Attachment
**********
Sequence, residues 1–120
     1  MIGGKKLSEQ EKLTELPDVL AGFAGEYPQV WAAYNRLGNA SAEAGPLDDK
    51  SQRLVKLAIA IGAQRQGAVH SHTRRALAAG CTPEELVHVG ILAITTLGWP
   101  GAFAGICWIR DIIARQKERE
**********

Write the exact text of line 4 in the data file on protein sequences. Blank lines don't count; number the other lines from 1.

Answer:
   101  GAFAGICWIR DIIARQKERE